After you get past the "OMFG! HOLY SHIT!"–ness of the moment, your appreciation of the technical skill that it took to execute it only grows. With less than 10 seconds left in the potentially game-deciding possession, Allen somehow had the mental and physical awareness to backpedal into a corner, get his feet behind the line, and unleash the shot. Forget about the ball actually going in — just being in that position was an incredible feat. "It was like in a movie where everything just slows down and it feels like a blur," Allen has said of the play. "My body at that point took over and said, ‘Hey, we’ve done this before. Let’s just go to what we know.’"

Repetition builds habits, which makes game situations feel like you’ve been there before. According to Hanlen, shooters use three footwork variations before releasing their shots. The first is called the hop, which is what it sounds like: a literal "hop" as the player is receiving a pass that allows him to get his shot off quicker.

Notice how the pass makes its way to J.R. Smith — he’s already preparing for the shot by "hopping" into his shooting stance. This allows shooters to release quickly, making it especially valuable in situations in which a defender is closing hard to contest.

Then there’s the one-two step, which is more of the old-school shooting technique, since one foot is already planted at the time the ball is received, and then the other lunges forward before the player rises to shoot.

All shooters incorporate the one-two, but it’s especially prominent among big men. Here, Karl-Anthony Towns gets his feet set by moving his second foot as he receives the pass. This is a slower technique than the hop, but it has its place in the league.

The third variation is the one-step into the hop, which Hanlen said Allen used all of the time, especially when curling over his right shoulder. Here’s an example:

As Allen catches the ball, one of his feet hits the floor, and then he hops into his shot to balance as much as possible, spring up, and shoot. Allen made it look like he was Wes Montgomery playing the guitar. The slow-motion video shows the subtle details that allow Allen to unleash such a complex shot.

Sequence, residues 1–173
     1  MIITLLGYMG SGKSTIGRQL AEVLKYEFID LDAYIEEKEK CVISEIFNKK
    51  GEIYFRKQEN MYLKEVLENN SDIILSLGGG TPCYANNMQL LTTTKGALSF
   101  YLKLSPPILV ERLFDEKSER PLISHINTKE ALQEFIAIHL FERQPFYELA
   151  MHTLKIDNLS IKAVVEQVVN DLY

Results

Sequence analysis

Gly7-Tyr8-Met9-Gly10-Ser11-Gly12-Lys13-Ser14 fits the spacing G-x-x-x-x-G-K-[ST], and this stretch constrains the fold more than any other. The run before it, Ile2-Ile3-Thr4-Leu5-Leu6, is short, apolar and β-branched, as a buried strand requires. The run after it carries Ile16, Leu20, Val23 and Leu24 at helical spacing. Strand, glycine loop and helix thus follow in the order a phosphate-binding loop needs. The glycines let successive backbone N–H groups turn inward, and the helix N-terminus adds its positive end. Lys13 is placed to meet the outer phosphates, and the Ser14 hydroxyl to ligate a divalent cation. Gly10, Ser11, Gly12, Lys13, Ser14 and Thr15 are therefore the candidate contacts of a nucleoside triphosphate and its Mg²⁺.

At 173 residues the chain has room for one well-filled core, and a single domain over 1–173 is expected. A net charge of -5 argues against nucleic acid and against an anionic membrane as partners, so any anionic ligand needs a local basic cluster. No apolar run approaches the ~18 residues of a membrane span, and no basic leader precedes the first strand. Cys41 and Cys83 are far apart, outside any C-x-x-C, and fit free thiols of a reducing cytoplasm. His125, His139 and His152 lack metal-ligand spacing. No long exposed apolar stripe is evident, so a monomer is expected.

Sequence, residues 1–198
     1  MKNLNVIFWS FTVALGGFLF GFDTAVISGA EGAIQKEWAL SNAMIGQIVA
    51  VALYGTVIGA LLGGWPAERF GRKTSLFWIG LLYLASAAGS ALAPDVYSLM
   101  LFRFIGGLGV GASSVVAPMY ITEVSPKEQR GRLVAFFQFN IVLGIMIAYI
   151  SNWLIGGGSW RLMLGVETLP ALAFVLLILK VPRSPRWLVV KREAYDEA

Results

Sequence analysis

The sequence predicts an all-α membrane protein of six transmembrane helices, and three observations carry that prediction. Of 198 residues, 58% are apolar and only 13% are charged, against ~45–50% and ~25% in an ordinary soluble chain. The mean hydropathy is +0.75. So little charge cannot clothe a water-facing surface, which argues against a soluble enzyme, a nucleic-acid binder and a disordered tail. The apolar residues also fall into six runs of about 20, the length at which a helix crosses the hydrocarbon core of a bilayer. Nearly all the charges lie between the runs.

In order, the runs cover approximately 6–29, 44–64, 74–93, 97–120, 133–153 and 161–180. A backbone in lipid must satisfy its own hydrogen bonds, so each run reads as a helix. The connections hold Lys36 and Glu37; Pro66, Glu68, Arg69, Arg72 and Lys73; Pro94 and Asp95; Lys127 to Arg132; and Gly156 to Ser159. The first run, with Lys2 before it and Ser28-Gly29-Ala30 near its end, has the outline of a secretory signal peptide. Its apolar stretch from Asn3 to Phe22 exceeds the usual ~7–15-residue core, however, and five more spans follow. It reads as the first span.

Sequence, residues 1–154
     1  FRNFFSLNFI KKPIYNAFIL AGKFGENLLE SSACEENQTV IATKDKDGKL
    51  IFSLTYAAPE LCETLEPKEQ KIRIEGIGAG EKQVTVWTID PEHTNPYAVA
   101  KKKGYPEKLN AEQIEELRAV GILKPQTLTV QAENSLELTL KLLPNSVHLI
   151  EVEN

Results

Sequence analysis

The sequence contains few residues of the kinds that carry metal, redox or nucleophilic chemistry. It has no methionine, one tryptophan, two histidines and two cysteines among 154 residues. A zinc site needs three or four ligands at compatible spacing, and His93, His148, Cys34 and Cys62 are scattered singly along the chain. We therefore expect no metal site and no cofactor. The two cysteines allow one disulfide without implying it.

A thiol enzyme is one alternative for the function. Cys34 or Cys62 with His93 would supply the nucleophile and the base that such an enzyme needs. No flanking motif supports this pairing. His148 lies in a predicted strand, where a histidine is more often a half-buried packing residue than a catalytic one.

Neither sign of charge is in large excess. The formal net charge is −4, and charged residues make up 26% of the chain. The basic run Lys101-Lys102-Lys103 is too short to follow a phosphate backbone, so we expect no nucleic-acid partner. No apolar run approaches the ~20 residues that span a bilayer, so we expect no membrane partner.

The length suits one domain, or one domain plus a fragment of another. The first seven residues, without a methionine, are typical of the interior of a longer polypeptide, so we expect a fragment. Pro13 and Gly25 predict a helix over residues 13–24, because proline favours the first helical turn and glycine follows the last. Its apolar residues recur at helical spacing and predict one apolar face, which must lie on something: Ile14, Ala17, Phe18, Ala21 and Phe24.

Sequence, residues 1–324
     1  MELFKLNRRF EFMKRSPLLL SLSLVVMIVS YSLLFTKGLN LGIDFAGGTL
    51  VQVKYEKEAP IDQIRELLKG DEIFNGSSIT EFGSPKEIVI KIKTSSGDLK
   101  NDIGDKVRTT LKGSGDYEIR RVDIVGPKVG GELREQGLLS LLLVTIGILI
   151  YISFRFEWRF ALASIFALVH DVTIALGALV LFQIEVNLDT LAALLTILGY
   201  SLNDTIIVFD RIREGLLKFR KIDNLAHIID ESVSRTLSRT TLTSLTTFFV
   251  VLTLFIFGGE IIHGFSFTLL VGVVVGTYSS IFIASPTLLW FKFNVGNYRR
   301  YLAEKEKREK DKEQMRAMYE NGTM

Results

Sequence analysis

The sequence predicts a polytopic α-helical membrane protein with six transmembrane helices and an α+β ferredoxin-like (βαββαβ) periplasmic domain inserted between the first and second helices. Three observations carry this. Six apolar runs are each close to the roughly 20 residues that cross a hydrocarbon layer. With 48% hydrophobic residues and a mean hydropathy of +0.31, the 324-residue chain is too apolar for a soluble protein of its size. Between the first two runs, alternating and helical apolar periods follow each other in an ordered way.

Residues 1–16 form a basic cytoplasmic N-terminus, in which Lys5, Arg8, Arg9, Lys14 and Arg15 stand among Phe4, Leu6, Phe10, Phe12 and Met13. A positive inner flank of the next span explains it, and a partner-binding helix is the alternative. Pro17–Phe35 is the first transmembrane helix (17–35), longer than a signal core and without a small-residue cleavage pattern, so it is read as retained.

One of the best shooters in today’s NBA is J.J. Redick — not because he’s able to spot up and drain 3s, but because he can race through screens like Allen, contort his body, and then rise up to shoot. Redick ranks 13th all time in 3-point percentage among players that have attempted more than 1,000 3s, per Basketball Reference. But he doesn’t dwell in the corner and wave Dion Waiters Hands to call for the ball. Redick works for his shot.

Focus on all the little things that Redick uses to get separation: First, he nearly jukes Andrew Harrison out of his shoes by shimmying to his left before jolting back to his right. Then, he has the presence of mind and the hand-eye-feet coordination to catch the ball, glance down at the line to check his positioning, and gather with a short hop. Here’s a clip of him sprinting through a DeAndre Jordan down screen into a 3 at the top of the key:

As a right-handed shooter, Redick’s right foot would usually be in front of his left, but because of the angle of the action his feet are inverted. Being off-balance isn’t a death sentence for the elite shooters of the NBA, though. Hanlen calls the act of balancing in midair an "air-square." In the past, long before teams jacked up 3s at such a rapid rate, most players shot only when their feet were set and "square to the rim." Times have changed. Now, players are able to shoot 3s from unique, off-balance angles because they’re squaring midair, so at the point of their release, their hips and shoulders are aligned with the rim, allowing them to shoot their normal shots.

To get to this level as a shooter requires countless hours in the gym, as well as mental preparation. On Redick’s The Vertical Podcast, he and Kyle Korver discussed how they prepare for games, and dove into the importance of visualization. "When I’m doing these exercises, I’m thinking about the mechanics of it: the footwork, how I’m catching the ball, how I’m generating force to elevate, where my release point is, how the ball comes out of my hand," Redick said. Korver added that he likes looking at photos of himself or other players shooting to dissect their mechanics, or he’ll watch players from the other team shoot before games to see what works or doesn’t work for them.

Footwork is a technical skill acquired through many productive hours in the gym that train the body to seamlessly execute complex movements in a short interval of time. But it’s also beautiful in the same way a musician phrases a solo. The eternal drive and ambition to continue improving toward goals is ultimately the key to mastering any skill, not just basketball footwork or musicianship.

All statistics current through Monday morning.

This piece has been updated with an additional quote from J.J. Redick.